Law banning insulting words and behaviour 'has to end'

image captionPeter Tatchell says insults must not be criminalised in a democratic country

A law banning "insulting" words or behaviour should be removed in an effort to protect free speech, MPs and civil rights groups have said.

The Public Order Act prohibits such actions if they are deemed likely to cause "harassment, alarm or distress".

A student was reportedly arrested for calling a police officer's horse "gay".

Senior Conservative David Davis said the law - which the government is looking at changing - could have a "chilling effect on democracy".

He argues the measure, as laid out in Section 5 of the 1986 Public Order Act, offers no clarity on what constitutes insulting behaviour.

There have been several controversial cases in recent years:

  • In 2006, an Oxford University student asked a mounted police officer if he realised his horse was "gay" during a night out with friends after his final exams. He was arrested for making homophobic remarks after he refused to pay an £80 fine and spent a night in a police cell before charges were dropped.
  • City of London police charged a teenager for demonstrating outside the London headquarters of the Church of Scientology in May 2008 with a placard saying: "Scientology is not a religion, it is a dangerous cult." Charges were dropped when the Crown Prosecution Service ruled the word "cult" was neither "abusive or insulting".
  • In 2009, Christian hoteliers were accused of asking a Muslim guest if she was a murderer and a terrorist because she was wearing a "hijab". After a two-day trial, a district judge dismissed the case on the basis that the account of the prosecution witness could not be relied on.

The Reform Section 5 campaign, being launched by Mr Davis in Parliament on Wednesday, includes the Christian Institute and the National Secular Society among its supporters.

A ComRes poll it commissioned suggests 62% of MPs think it should not be the state's job to ban insults, while 17% said changing Section 5 would undermine the police's ability to protect the public.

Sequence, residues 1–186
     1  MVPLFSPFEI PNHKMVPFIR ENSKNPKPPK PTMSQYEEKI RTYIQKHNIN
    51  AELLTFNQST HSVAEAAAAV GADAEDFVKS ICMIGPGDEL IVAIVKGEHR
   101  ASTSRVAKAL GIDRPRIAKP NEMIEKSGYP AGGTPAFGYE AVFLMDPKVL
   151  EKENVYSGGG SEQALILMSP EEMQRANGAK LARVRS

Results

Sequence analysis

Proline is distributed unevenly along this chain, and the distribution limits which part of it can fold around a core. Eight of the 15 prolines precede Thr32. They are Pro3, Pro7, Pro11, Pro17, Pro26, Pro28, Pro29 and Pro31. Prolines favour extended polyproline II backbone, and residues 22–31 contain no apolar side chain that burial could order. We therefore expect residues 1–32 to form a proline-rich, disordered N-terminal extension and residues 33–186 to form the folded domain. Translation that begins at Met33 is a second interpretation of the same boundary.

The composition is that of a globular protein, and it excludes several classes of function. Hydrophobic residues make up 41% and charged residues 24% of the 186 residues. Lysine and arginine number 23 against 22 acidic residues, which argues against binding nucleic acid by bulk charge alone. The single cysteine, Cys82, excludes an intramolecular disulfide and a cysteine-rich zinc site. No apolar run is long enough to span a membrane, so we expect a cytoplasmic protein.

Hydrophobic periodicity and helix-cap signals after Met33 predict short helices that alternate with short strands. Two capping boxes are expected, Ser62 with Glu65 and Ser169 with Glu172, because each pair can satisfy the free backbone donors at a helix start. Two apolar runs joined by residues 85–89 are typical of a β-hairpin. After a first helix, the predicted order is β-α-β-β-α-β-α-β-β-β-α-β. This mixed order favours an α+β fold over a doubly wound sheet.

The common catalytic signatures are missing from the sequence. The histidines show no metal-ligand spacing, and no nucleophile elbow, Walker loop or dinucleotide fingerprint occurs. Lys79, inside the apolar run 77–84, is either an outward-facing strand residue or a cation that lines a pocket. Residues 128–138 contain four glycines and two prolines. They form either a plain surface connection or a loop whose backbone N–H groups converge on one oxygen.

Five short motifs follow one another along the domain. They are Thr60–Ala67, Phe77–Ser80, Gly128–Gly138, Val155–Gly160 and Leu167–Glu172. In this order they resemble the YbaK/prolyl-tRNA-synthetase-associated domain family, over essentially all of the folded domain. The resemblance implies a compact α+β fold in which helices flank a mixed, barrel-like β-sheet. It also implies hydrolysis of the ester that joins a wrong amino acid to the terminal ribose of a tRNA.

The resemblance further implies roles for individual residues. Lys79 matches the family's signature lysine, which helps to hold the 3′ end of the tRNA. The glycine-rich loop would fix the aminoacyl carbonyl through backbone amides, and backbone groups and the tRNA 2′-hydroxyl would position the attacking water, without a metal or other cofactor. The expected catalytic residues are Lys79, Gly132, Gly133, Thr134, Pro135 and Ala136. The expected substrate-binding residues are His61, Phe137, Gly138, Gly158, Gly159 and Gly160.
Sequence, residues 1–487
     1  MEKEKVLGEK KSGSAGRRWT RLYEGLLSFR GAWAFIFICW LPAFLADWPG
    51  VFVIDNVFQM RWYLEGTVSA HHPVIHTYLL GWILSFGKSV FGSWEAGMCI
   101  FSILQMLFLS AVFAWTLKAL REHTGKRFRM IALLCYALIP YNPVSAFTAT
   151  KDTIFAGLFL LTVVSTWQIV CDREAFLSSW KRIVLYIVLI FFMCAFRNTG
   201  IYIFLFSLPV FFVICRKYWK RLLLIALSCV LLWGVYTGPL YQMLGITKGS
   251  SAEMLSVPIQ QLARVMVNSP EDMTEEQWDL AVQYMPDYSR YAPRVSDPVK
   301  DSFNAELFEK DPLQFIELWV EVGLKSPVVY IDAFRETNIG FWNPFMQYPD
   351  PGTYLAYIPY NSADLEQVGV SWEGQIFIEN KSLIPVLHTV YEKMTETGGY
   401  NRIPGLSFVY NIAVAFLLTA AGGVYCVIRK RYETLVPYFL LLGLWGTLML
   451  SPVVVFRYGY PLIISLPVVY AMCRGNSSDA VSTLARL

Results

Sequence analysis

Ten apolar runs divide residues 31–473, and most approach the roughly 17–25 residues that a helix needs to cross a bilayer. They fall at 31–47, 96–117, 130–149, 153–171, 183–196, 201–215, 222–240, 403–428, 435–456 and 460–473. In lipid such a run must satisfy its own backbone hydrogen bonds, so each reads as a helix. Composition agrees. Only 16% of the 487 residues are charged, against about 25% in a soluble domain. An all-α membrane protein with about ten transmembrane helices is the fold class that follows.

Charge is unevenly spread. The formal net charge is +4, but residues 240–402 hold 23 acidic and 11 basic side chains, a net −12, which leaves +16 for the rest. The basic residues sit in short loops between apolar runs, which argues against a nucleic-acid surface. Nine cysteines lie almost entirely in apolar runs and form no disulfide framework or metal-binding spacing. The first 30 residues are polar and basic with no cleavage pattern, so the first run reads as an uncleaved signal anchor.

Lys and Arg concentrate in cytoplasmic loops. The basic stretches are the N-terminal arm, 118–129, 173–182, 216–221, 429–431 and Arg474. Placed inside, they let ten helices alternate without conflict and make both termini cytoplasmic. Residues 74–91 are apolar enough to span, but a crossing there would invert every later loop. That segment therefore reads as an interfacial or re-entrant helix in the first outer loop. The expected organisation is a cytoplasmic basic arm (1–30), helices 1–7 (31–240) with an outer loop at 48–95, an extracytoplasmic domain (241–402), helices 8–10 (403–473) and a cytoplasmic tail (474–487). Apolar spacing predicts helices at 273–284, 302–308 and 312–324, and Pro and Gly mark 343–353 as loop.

Mr Davis, a former shadow home secretary, said a legal change was "vital to protecting freedom of expression in Britain today".


He added: "Who should decide who is insulted? The police? A judge? The truth is that Section 5 is having a terrible, chilling effect on democracy today."

Gay rights campaigner Peter Tatchell, another supporter of Reform Section 5, told BBC Radio 4's Today programme: "What constitutes insults is a very subjective judgement. It's been used in very different ways."

He added: "We may disagree on some those views but I don't think they should be criminalised in a free and democratic society.

"We should have the right to speak our minds and I think putting up with insults is one of the prices we pay for that freedom."

Mr Tatchell, who said he had been arrested under Section 5 for protesting against "Islamic extremists", added: "There's no requirement under the law to prove that anyone has been harassed, alarmed or distressed. A likelihood is sufficient to secure a conviction.

"What's dangerous about this law is that an offence is committed regardless of the person's intention."

Other groups signed up to the campaign include Liberty, Big Brother Watch and the Freedom Association.

A Home Office review, launched last October, is looking at whether the use of the word "insulting" in the law provides a "proportionate" response and a "necessary balance between the right to freedom of expression and the right of others to not be harassed, alarmed or distressed".

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